Remote or physical schools: is there more to school than learning?
By Ellen Richards
Ellen consults and works with the EdSmart founders and team to deliver business focussed solutions and value for K-12 schools, and to grow the global footprint of happy customers. She is passionate about all things digital and online education to improve teaching and learning outcomes. Travel, surf and sun are high on her priority list.
A term that educators may be hearing a lot lately is the concept of the ‘whole student’ or a whole-child approach to education.
However, under a whole-child approach, these elemental needs are afforded equal weighting to academic achievement. Research continues to demonstrate that students aren't as motivated, engaged or as successful academically when these basic needs aren't met.
With the COVID-19 pandemic continuing to impact on education in previously inconceivable ways, the challenge of delivering an effective whole-student education has never been more significant. But how can that be achieved in a remote learning environment?
Teaching the whole child in 2020
School classrooms are busy places where children learn not just the syllabus but also social and emotional skills, which includes how to express feelings productively, responsible decision-making and how to work collaboratively with fellow students to complete learning tasks.
When there’s the absence of a physical school to attend, children are effectively losing access to an essential social outlet. The home can still be a powerful environment for mastering social and emotional learning; however, it often lacks the complexity of learning opportunities offered by attending a school campus.
If the education experience needs to be holistic, is there a new balance of on-site and digital learning that can work as effectively as the standard on-site education model?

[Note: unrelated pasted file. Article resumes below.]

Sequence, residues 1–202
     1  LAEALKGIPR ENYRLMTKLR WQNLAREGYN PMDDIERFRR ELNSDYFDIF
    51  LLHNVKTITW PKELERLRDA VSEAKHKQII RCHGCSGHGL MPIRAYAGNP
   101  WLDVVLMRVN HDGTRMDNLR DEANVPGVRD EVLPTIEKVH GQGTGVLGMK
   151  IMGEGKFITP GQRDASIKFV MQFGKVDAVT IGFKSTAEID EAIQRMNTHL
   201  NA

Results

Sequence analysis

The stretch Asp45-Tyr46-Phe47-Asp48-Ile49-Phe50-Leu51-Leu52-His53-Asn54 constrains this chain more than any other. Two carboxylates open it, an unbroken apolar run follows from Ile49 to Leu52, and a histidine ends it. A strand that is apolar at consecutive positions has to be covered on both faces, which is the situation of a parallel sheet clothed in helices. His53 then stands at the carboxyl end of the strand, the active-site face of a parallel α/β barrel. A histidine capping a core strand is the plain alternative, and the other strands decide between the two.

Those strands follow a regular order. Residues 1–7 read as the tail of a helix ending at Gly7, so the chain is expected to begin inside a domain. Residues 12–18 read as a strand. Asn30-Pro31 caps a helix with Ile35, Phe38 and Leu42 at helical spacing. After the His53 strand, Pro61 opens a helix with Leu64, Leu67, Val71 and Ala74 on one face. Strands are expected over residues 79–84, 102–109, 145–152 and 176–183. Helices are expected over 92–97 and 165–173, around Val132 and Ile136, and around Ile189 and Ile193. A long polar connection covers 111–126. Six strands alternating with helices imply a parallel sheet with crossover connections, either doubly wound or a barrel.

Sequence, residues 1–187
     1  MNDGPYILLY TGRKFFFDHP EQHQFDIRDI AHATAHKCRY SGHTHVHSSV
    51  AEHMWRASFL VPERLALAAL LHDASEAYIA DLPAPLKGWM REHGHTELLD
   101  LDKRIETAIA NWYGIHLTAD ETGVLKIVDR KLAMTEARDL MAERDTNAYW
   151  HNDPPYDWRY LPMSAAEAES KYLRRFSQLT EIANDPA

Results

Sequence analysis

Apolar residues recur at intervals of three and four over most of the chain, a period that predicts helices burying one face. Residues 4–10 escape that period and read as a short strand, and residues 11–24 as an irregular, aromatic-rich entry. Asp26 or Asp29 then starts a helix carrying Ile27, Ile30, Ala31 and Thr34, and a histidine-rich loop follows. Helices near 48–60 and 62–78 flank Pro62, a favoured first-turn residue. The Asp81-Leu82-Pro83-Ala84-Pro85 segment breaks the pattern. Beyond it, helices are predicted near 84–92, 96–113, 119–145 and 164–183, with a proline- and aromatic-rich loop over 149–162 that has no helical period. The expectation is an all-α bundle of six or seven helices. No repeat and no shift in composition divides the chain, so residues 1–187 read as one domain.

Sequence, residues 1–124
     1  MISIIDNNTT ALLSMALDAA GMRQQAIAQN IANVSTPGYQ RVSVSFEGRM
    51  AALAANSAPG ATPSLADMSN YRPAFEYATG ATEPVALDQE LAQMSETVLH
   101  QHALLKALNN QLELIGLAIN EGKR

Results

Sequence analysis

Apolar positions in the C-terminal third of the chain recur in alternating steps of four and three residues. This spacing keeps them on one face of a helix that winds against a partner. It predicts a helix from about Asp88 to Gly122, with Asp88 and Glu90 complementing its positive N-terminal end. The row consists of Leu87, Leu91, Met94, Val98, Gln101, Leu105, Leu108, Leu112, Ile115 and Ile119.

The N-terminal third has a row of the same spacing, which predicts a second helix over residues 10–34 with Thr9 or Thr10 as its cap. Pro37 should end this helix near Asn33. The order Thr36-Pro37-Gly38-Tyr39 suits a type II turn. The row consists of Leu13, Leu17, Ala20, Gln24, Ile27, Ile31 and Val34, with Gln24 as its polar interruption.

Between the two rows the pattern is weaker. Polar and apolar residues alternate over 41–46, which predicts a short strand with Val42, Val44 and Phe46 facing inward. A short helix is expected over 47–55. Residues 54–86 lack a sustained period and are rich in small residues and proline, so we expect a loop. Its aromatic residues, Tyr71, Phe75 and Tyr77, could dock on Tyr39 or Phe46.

As if there weren’t enough challenges already confronting schools in 2020, developing a whole-child approach to education that meaningfully addresses the full spectrum of a child’s needs – and actively engages students, families, schools and communities – has to be addressed.
It's clear that, whether physically attending the school premises or engaging online, to develop and prepare students for today and tomorrow's challenges and opportunities, schools need to ensure that each student:
Is challenged academically and prepared for success and participation in a global environment;
Has access to personalised learning, and is supported by qualified, caring adults;
Is actively engaged in learning, and connected to the school and broader community;
Learns about and practices a healthy lifestyle;
Learns in an environment that is physically and emotionally safe.
The shift to online teaching and learning requires teachers to think a little differently about building the culture they want with their students.As Jeremy von Einem, Head of Curriculum at Barker College observes, the 'average' day in contemporary students' lives is remarkably varied. Because of this, in his view, online learning has to be more than submitting assignments or work requirements.